After drinking silica water, OSA is absorbed into the blood and carried by the blood to kidney and sweat gland lumens. The pH of blood is 7.4, urine is 6.5-8.0, and at high rates of perspiration, as seen while exercising, the pH of sweat is near neutrality (e.g. pH 7)13. OSA reacts with aluminum above pH 5.5 forming a non-toxic chemical called HAS14.  This reaction lowers the concentration of aluminum in blood and kidney and sweat gland lumens. This lower aluminum concentration favors more aluminum diffusing from places of higher concentration into the blood and these lumens for reaction with OSA.  Thereby OSA detoxifies aluminum and facilitates its elimination as HAS in the urine and perspiration.
Unlike chelators that can remove many different ions from the body, OSA very specifically removes just aluminum. An example of its specificity is that OSA does not facilitate the elimination of iron, even though iron is of similar size and ionic charge compared to aluminum5. Also unlike chelators that reversibly complex with many types of ions, OSA is only known to react with aluminum to irreversibly form HAS that is stable above pH 5.5.   
In conclusion the aluminum myths have been busted by scientific research and we can now say the following three facts have been proven to be true:
·         Aluminum ions and some aluminum compounds enter our bodies from ingested water, food, and pharmaceuticals by being absorbed from the gut into the blood. In addition, aluminum ions and compounds enter our bodies from injected vaccines.  
·         This ingested and injected aluminum accumulates in our organs and is a causal factor of Alzheimer’s, autism, heart disease, multiple sclerosis, Parkinson’s, and some cancers.
·         Accumulated aluminum is primarily non-inert as by drinking OSA most of the accumulated aluminum diffuses from all organs, including bones, into the blood, urine inside kidney lumen, and sweat inside sweat gland lumens. In these lumens OSA reacts with aluminum to form non-toxic HAS followed by excretion in urine and perspiration.
For more details see “Prevent Alzheimer’s, Autism, and Stroke with 7 Supplements, 7 Lifestyle Choices, and a Dissolved Mineral” by Dennis N. Crouse15.
References
1.      Domingo, L., et al.; Age related effects of aluminum ingestion on brain aluminum accumulation and behavior in rats; Life Sci.; 58(17):1387-95 (1996)
2.      Belles, M., et al.; Silicon reduces aluminum accumulation in rats: Relevance to the aluminum hypothesis of Alzheimer’s disease; Alzheimer Disease Associated Disorders; 12(2):83-87 (1998)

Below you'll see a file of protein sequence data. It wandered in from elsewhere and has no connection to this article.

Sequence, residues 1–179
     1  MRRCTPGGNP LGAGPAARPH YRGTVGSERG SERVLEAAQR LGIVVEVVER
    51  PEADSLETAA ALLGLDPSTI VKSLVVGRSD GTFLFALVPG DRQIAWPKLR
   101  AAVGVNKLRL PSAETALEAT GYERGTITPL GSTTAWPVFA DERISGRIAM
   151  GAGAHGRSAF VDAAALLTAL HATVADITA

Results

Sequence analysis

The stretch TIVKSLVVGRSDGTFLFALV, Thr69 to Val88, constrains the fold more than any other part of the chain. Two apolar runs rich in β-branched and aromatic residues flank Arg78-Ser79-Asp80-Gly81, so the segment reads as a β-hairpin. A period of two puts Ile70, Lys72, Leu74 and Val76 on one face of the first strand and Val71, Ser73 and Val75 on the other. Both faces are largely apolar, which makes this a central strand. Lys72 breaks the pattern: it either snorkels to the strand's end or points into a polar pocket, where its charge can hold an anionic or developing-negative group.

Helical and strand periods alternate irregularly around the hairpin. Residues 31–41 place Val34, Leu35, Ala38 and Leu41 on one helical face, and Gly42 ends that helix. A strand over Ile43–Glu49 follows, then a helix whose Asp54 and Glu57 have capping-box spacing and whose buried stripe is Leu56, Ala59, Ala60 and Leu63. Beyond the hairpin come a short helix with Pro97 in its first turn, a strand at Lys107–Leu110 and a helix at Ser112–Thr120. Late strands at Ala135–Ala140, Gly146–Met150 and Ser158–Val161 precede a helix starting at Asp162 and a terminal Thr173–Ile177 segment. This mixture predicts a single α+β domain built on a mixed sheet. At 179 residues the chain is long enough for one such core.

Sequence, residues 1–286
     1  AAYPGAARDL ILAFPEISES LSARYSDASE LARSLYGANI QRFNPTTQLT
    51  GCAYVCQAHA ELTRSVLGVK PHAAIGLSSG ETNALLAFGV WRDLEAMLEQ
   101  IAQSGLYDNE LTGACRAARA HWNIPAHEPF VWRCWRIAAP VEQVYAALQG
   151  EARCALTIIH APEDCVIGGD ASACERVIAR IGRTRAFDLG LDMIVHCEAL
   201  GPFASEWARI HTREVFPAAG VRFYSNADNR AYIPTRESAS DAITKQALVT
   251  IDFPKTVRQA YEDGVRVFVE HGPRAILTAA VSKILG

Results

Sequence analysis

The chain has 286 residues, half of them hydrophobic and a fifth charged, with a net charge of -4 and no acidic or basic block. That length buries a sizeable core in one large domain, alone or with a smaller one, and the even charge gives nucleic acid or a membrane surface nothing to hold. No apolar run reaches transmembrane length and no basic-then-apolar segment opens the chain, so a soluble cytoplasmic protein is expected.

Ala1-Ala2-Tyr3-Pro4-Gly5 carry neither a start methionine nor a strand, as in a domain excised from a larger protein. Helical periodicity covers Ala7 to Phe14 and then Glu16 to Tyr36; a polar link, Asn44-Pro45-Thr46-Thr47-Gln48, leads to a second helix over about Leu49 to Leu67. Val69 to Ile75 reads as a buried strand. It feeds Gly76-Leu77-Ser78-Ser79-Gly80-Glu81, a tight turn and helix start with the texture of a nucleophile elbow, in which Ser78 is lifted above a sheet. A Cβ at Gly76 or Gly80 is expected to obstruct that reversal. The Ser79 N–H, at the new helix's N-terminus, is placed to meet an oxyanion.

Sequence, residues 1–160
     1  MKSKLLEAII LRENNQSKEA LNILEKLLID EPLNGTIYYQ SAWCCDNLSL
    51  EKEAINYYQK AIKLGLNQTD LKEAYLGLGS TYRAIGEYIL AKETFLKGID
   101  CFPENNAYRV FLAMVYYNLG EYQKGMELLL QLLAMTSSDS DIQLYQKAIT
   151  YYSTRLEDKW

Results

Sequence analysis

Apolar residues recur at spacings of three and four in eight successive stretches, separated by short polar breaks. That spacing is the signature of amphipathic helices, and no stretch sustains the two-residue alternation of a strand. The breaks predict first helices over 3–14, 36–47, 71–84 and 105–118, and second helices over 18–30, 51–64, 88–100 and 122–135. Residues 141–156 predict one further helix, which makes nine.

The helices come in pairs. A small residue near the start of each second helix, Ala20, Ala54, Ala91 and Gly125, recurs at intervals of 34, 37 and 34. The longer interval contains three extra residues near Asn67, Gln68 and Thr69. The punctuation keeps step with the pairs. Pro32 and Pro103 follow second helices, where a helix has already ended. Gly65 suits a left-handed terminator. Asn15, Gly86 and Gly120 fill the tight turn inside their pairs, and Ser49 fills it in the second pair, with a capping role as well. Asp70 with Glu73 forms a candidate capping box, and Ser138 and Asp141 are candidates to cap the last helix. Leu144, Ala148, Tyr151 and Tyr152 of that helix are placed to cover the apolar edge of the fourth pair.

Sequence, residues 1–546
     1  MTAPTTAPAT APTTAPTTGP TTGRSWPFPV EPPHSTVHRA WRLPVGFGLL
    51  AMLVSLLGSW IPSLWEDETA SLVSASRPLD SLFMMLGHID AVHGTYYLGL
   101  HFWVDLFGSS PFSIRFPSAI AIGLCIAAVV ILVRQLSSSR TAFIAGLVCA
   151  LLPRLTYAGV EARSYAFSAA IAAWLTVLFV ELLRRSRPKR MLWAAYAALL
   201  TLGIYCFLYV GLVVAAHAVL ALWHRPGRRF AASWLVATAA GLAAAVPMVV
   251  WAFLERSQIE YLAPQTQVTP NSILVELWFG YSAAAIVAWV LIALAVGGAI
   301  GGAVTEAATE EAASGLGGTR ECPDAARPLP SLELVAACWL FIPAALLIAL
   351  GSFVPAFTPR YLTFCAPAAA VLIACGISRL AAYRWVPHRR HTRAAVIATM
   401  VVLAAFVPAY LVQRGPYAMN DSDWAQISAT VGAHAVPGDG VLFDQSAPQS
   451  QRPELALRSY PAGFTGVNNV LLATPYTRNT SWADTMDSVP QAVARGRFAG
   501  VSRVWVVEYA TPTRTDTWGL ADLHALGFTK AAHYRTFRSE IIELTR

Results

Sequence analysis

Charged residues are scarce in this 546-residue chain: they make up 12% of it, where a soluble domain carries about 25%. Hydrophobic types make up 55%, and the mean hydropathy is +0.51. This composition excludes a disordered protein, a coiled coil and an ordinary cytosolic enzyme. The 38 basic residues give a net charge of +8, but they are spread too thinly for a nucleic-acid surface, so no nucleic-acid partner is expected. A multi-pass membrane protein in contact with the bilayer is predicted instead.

3.      Exley, C., et al.; Non-invasive therapy to reduce the body burden of aluminum in Alzheimer’s disease; J. Alzheimer’s Disease; 10:17-24 (2006)
4.      Minshal, C., et al.; Aluminum in human sweat; J. Trace elem. Med. Biol.; 28:87-88 (2014)
5.      Andrasi, E., et al.; Brain Al, Mg, and P contents of control and Alzheimer-diseased patients; J. Alzheimer’s Dis.; 7:273-84 (2005)
6.      Mirza, A., et al.; Aluminum in brain tissue in familial Alzheimer’s disease; J. Trace Elements in Medicine and Biology; Mar.; 40:30-36 (2017)
7.      Mold, M., et al.; Aluminum in brain tissue in autism; J. Trace Elements in Med. Biol.; March; 46:76-82 (2018)
8.      Mold, M., et al.; Aluminium in brain tissue in multiple sclerosis; Int. J. Environ. Res. Public Health; 15(8):1777 (2018) Including supplementary material p1-6 (2018)
9.      Hirsch, E.C., et al.; Iron and aluminum increase in the substantia nigra of patients with Parkinson’s disease: an X-ray microanalysis; J. Neurochem.; Feb.; 56(2):446-51 (1991)
10.  Good, P.F., et al.; Neuromelanin-containing neurons of the substantia nigra accumulate iron and aluminum in Parkinson’s disease: a LAMMA study; Oct.; 593(2):343-6 (1992)
11.  Fitzgerald, K., Lead (aluminum) and homocysteine levels in a series of individuals diagnosed with Parkinson’s disease:  (2014)
12.  Crouse, D.N.; Silica water the secret of blue zone longevity in the aluminum age; Etiological Publishing (2018) – Available from Amazon
13.  Sonner, Z., et al.; The microfluidics of the eccrine sweat glands, including biomarker partitioning, transport, and biosensing implications; Biomicrofluidics; 9(031301):1-19 (2015) for pH of sweat while exercising see page 10 section D on ammonia in sweat.